Is that a real gun that can shoot guests?

I’m 99.5% confident it is and this, if nothing else, will be answered in a later episode.

Advertisement

Advertisement

Hey, if the hosts’ guns shoot large BBs or whatever, how was Ed Harris’ Gunslinger not at all affected?

Although the show has clearly stated the hosts cannot harm guests, and we have seen the hosts try to shoot at guests, and their bullets simply don’t hurt them, last night a host outlaw shot Jimmi Simpson’s character and it turned out that some sort of projectile was fired, knocking him to the ground. So something really incongruous is happening here. Does the gunslinger have some sort of special status? Was he given it—did he pay for it—or is it something he’s figured out on his own? Or—and I think this is unfortunately pretty plausible—has the show contradicted itself accidentally?

Is it really only $40,000 a day to visit Westworld?

Advertisement

That actually seems pretty cheap for a place that needs to rebuild dozens of murdered, unbelievably advanced robots every night.

What the hell was the deal with Wyatt’s insane death cult?

As part of a new narrative being created by Dr. Ford, James Marsden’s bounty hunter Teddy is given an archenemy—a former army captain who turned into a homicidal maniac. As we learn when Teddy hunts Wyatt later in the episode, Wyatt’s also a hell of a recruiter, because he also has a giant posse of fellow homicidal maniacs who wearing terrifying robes and masks and butcher Teddy.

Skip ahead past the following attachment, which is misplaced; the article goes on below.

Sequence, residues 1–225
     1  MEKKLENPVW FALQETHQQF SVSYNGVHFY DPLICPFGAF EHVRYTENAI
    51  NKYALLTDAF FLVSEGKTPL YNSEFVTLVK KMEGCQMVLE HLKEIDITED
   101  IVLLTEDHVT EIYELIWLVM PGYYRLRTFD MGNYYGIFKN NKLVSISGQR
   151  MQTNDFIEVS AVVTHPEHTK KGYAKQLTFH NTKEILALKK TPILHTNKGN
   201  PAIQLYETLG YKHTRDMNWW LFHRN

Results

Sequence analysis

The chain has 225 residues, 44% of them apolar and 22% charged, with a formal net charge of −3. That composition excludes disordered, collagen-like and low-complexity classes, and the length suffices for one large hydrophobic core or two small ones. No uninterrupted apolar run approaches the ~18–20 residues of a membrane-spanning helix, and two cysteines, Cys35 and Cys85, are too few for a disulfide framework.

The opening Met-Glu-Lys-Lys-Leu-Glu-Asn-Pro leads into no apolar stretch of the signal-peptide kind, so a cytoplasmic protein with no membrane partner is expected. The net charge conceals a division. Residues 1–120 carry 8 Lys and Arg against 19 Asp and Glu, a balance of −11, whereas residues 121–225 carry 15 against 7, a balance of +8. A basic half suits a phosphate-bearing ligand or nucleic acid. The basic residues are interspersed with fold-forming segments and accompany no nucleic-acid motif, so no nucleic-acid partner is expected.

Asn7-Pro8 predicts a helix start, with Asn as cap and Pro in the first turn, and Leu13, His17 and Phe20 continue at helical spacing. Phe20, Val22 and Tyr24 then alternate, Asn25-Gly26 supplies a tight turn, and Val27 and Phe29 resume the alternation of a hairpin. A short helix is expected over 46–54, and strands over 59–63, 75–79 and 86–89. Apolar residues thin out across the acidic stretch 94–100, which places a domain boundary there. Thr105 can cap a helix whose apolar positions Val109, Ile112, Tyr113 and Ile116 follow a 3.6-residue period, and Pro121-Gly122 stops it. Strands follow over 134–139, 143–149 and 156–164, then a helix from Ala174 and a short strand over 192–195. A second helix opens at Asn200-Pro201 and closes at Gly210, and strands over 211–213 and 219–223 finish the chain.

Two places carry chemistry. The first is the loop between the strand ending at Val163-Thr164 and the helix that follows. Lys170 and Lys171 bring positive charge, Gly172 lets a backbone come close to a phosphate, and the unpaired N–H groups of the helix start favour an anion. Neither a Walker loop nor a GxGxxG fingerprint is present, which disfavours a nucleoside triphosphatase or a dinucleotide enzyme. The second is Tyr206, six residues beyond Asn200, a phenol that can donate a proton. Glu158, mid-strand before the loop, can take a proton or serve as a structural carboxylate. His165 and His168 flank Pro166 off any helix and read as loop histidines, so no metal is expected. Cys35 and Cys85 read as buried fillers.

Advertisement

Advertisement

Were the cult members guests or hosts?

It seems like Teddy shot many of them at close range, but they were unaffected by the shots. They were also carrying knives and axes, which the show went our of its way to tell us was something hosts could not do. Does that mean they were guests? Did that many people really sign up to just be completely depraved? If so, what’s to stop them from harming other guests? If they’re hosts, what the hell does Dr. Ford have planned for them? The show did say that a host could be programmed to pick up an axe—it was the woodcutter who started malfunctioning—so were these guys also programmed with the ability to use bladed weapons? And if that’s the case, is the arrival of the cultists and the malfunction of Westworld’s other axe-user? I’m guessing that’s a big fat “yes.”

What the hell is Dr. Ford’s new narrative, anyway?

Advertisement

Actually, that deserves its own question. What the hell is Dr. Ford planning that it requires an utterly terrifying death cult running around, butchering hosts and scaring the living shit out of the guests? How is an insane death cult the first part of the narrative? Aren’t the guests going to be unsatisfied if end up cowering in their rooms for their entire visit?

What is Dr. Ford going to do with that church?

Ford takes a walk with a little boy host to find what looks to be a derelict church, which is presumably an older part of Westworld that has fallen into disuse. Ford has plans for it—maybe an HQ for a certain insane death cult?

Advertisement

Advertisement

How big is the Westworld headquarters?